Tailor-made curriculum to address students' insecurity and distress

Tuition, quality of education, choice of school/university and institutional policies (e.g. funding/resources, pedagogy – online & blended instruction) are some of the education issues often discussed in most European countries as the school year starts in September. The beginning of the school year can be exciting or worrying depending on where you live and your individual situation: In Greece, for example, some university students have dropped out of their studies due to lack of adequate finance. In Spain, families who never passed on used school bags and supplies to other siblings have done it this year. In Germany, however, parents enthusiastically file at the checkouts with trolleys filled with school paraphernalia and items to help their children have a good academic year.

Anywhere in the world, the education playing field is not level and students are not homogenous. About 2% of the student population are gifted and talented, about 5% of them are from high-income families; and there are bipolar, autistic, slightly impaired and emotionally fragile among them. With our globalised world, it’s fairly common to find more than one religion, culture and language in every classroom. With the divorce rate of 40-50% and advent of other kinds of family arrangement (single parents, same-sex couples, restructured families), children face different challenges at school. There are many happy families but there are also those whose routine includes: couples disputing on subjects that range from money to infidelity, children experiencing abuse and intolerance, etc. As well, due to the financial crises and current volatile economic condition, many parents have lost their jobs, others may have the same fate soon, while some have been forced to move to other places and transferred their children to a new school. These circumstances impact on the children’s behaviour and their capacity to learn and perform at school.

Children don’t become adults in one day; children and adults don’t become deviants and killers overnight. The role of family and parents in understanding crime and delinquency is well documented and widely discussed. However, that of the school community is hidden behind the walls of family breakdown (“pass the buck”), mental illness, drugs, lack of positive role models, bullying that leads to revenge and detachment from our society.

The killing of 12 students and 1 teacher by 2 senior students at Columbine High School in 1999 made headlines worldwide, sparked debates and led to relevant policies. Nevertheless, more crimes of this nature have been committed since. Last year, a political extremist murdered 77 young members of Norway’s Labour Party. In April this year, a Korean-born American shot to death 7 people at Oikos University, his former college. Similar crimes were committed in France, Israel and Russia. Why are there more crimes involving students, and in school premises, in nations with a developed or emerging economy than those in developing and underdeveloped (the so called ‘Third World’) countries?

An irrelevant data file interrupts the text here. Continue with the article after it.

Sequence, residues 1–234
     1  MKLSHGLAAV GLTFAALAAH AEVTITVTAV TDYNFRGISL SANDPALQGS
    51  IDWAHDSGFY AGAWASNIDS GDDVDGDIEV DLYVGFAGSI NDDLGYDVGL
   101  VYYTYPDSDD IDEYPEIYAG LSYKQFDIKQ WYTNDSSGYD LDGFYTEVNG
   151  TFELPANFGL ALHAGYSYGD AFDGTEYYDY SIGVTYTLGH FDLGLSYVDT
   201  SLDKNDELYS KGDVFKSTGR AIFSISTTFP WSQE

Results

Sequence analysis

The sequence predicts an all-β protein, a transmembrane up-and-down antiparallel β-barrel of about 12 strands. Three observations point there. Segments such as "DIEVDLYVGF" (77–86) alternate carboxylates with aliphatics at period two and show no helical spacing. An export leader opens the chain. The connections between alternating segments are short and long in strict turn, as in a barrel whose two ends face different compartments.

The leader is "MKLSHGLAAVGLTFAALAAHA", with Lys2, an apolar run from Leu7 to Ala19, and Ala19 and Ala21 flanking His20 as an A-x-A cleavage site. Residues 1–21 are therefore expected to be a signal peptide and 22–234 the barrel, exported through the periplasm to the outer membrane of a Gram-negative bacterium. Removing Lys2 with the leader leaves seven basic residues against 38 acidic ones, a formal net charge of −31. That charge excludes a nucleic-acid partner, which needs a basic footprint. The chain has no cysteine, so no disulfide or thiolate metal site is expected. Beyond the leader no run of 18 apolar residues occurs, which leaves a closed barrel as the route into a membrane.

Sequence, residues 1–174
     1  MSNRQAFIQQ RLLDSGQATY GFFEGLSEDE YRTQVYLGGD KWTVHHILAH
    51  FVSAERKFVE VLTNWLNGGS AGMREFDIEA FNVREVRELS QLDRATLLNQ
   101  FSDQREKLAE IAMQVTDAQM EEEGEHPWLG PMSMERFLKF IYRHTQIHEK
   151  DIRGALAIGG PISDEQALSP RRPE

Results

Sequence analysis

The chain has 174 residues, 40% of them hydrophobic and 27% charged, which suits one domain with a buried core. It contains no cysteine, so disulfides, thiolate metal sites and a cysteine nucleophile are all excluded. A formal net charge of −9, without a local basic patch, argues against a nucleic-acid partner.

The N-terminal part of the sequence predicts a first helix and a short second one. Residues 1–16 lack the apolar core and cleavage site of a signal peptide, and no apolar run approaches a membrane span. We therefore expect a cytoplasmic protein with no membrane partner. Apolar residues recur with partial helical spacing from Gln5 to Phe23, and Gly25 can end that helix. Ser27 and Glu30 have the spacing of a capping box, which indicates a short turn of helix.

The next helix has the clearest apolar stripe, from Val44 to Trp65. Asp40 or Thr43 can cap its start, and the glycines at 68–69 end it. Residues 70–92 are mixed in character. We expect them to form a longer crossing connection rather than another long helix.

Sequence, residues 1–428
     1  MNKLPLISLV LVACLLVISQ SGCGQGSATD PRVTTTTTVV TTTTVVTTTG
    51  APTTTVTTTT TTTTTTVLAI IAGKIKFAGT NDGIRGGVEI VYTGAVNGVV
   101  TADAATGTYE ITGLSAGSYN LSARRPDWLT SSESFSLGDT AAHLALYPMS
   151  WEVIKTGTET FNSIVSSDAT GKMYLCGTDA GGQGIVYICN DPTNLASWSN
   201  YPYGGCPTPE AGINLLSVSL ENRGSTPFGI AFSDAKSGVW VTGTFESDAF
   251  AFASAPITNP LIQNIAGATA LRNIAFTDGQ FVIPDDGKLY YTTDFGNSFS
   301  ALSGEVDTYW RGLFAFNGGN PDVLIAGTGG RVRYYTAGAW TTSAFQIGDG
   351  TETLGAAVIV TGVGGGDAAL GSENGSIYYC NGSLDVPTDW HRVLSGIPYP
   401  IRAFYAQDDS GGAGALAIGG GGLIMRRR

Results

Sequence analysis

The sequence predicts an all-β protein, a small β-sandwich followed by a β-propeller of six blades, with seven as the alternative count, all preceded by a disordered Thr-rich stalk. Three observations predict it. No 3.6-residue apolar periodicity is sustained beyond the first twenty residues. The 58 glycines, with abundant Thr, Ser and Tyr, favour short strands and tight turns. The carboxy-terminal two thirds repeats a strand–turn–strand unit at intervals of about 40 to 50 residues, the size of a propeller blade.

For me, the issues are institutional indifference and socio-economic polarization, and not sanity or insanity of the perpetrators and State’s gun or no gun policy - which are often cited. Is it the responsibility of educational institutions to deal with distress and insecurity among students and instill civility and basic humanness? Children can be tactless and sometimes more brutal than adults because of their innocence and frankness. Therefore, they need guidance to help them avoid offending or driving their fellow students to delinquency and deviance.

Some schools already have a curriculum that includes ethics and values. However, this is a ready-made one that doesn’t meet the needs of individual student, class and school. Some teachers already teach social justice and peace, but is their teaching geared towards passing the test or ensuring that students become conscientious citizens? Are students encouraged to extend a warm welcome or a helping hand to their new classmates regardless of the latter’s weirdness or difference? Should students be reminded that a family or economic situation may change hence they ought to avoid provocative comments and questions, e.g. “Are you that poor not to eat at the canteen? Your Dad has been unemployed for a long time, is he going to get a job soon?”

State education priorities should include tailor-made services that best support students in distress, insecurity and difficulty, e.g. engaging multilingual and multicultural guidance counsellors. How do we recognise students who are distressed due to separation or divorce? What shall we do with students who demonstrate anti-social behaviours, such as reclusiveness and aggressiveness? The school is a mini society, so why can’t we be less academic and more pragmatic by teaching and exposing children to values, principles, philosophies and experiences that will help them acquire knowledge and skills to live harmoniously with others and be conscientious world citizens. Since teachers come in different shapes, sizes and colours, the question then is how do we train teachers to become effective in such task and in dealing with distressed and insecure students?

… more ... roladesocietalblog.com

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